Hiking public investment important, but not enough.Budget has to demonstrate commitment to reforms
The Economic Survey has correctly identified India’s growth problem as being driven by, primarily, a collapse in investment levels, from 38% of GDP in FY08—when India’s GDP growth was 9.3%—to 29.7% in FY14. Given the Survey also identifies stressed balance-sheets of India Inc—a third of firms have cash-flows that are not even large enough to service their interest costs—along with those of public sector banks as a big constraint, this means the private sector has neither the ability to raise equity nor debt to finance investments. Somewhat surprisingly, given the energy being expended by the government in getting its land Act passed, the Survey doesn’t identify lack of land as an important constraint for private sector projects—possibly, this aspect needs a relook. Given India Inc’s constraints, it is hardly surprising the Survey makes the same recommendation everyone has been making for a long time—use public sector investment to kickstart growth and hope that will crowd in private investment.
It is not clear, right now, whether the finance minister will do this by relaxing the fiscal deficit target of 3.6% for FY16, but a few points needs to be kept in mind. One, the public sector cannot, even in the short-term, make up for the lower corporate sector investment—while private investment fell from 17.3% of GDP in FY08 to 11.4% in FY14, government investment fell from 8.9% to 7.8%. Two, in areas like roads and railways, where the Survey plumps for more public investments, it may not just be funds availability that is the problem—NHAI’s awarding of contracts collapsed during the last few years and, as railway minister Suresh Prabhu said on Thursday, land acquisition has all but stopped over the last two years. Three, even if the finance minister wanted to step up capex here considerably, there is enough scope for him to do this within the constraints of the fiscal deficit—R2.7 lakh crore can be got by just lowering government holdings in non-bank PSUs to 51%, R1 lakh crore by selling off FCI’s extra stocks as defined by the Shanta Kumar panel on restructuring FCI and another R0.8 lakh crore can be got by selling off the SUUTI shares as well as the residual equity in Hindustan Zinc and Balco.
Given how investments worth around 7% of GDP are stuck right now, it is important for the government to work on fixing this. Apart from getting the necessary clearances that the government has been working on for the last two years, as our columnist Shobhana Subramanian argues, the government needs to actively work on getting bankrupt promoters out of some large projects—this has the advantage of simultaneously repairing bank balance-sheets. While this looks like a tall ask, it is instructive to keep in mind the role the government played in ensuring SpiceJet and Satyam changed ownership very quickly when they looked like they were going under. Equally, given it is government-owned electricity boards that are refusing to accept the electricity regulator’s solution in the case of two large power projects, the government needs to convince the states the stand-off is helping no one. Also, unless the government makes its stand clear, hopefully in the Budget a few hours from now, on reducing its equity in PSU banks to below 51%—the PJ Nayak committee had provided an excellent roadmap—it is unlikely banks are going to be in a position to lend anywhere near what they need to when economic growth starts reviving. It is, of course, ironic that, in even an investment-famine, the government has done little to address the genuine grievances of big investors like those in telecom and oil—investors who could easily have invested billions each year. And, as our page 1 graphic shows, with over R4 lakh crore of tax disputes pending in various tribunals and courts, it is difficult to see how the trust of private investors can possibly be regained if the Budget doesn’t squarely address the issue.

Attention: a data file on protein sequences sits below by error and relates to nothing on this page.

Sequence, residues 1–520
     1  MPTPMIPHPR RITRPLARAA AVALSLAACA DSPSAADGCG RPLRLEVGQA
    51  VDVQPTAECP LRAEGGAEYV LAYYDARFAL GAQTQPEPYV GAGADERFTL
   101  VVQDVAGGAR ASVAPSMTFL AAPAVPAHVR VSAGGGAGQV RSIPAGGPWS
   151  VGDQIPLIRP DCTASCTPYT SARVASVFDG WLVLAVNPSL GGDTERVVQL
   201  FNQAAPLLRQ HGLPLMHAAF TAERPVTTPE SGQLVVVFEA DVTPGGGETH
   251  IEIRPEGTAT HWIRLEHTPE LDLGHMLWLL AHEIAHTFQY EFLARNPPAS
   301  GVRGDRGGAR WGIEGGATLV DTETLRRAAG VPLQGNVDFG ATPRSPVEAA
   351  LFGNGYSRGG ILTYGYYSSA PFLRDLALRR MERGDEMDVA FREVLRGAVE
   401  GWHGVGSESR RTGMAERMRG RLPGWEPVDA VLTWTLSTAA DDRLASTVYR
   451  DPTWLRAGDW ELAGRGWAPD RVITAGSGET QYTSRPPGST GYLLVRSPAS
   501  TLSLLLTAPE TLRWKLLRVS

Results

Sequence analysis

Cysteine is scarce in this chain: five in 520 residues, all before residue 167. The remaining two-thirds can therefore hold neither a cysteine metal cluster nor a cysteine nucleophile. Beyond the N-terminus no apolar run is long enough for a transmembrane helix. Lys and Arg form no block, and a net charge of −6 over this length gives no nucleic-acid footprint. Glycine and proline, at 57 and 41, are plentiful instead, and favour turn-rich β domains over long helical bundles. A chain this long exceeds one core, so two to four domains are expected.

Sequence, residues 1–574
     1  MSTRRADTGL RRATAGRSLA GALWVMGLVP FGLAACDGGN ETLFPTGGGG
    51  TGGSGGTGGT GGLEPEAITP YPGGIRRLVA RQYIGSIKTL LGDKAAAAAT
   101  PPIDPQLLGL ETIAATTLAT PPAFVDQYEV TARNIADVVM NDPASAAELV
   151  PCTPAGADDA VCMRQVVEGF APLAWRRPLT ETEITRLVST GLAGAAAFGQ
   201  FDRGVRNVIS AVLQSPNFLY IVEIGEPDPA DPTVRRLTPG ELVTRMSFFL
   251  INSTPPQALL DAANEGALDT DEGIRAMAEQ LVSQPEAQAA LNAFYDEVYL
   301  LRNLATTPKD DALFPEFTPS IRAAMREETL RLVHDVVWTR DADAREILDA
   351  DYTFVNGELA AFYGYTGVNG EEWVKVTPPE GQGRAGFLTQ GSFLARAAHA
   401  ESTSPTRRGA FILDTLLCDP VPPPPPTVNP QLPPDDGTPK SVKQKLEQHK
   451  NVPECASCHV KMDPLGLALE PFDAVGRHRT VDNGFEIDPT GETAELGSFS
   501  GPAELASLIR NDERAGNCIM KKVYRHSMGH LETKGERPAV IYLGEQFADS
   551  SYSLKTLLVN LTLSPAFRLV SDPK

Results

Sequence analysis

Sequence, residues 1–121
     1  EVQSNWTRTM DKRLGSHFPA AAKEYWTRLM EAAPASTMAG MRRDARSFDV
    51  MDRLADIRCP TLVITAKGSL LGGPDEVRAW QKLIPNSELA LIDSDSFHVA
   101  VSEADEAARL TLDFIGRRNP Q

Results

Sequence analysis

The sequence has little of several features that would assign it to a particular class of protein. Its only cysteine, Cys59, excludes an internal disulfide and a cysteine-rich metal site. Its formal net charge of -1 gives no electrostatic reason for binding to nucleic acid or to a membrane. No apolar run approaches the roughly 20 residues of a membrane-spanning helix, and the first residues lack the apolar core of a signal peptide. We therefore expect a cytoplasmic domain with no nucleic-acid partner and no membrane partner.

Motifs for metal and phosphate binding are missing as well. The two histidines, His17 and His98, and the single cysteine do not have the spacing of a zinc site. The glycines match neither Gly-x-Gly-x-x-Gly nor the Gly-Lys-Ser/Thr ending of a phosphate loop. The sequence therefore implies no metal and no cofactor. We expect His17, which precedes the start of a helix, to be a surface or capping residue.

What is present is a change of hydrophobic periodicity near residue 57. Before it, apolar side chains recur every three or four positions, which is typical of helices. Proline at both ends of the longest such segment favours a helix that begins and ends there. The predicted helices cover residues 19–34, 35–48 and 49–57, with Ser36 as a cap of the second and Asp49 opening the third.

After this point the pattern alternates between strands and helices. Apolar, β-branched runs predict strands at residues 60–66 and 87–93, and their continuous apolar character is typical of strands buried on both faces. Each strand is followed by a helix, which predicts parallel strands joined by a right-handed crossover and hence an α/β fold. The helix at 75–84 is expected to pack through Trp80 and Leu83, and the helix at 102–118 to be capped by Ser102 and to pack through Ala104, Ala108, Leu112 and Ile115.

The Survey does well to address the issue of how anti-poor subsidies are since, while not reaching the poor, they prevent investment—on greater village roads construction, for instance—that would help the poor. Indeed, in the case of the R1.08 lakh crore food subsidy (till January 9), apart from the fact that half the subsidy does not reach the poor, it distorts cropping patterns and, as a result, causes higher inflation and environmental problems like collapsing water tables—which also hurt the poorer farmers more. Fixing 68 years of poor policies can’t be done in one Budget—and the prime minister did well to make a jibe about he wouldn’t curtail MGNREGA since it was living proof of the failure of the Congress party to deliver on growth. But, unlike in the last Budget, the finance minister can no longer be content with signalling direction, he has to make a serious start in fixing the big problems confronting the economy.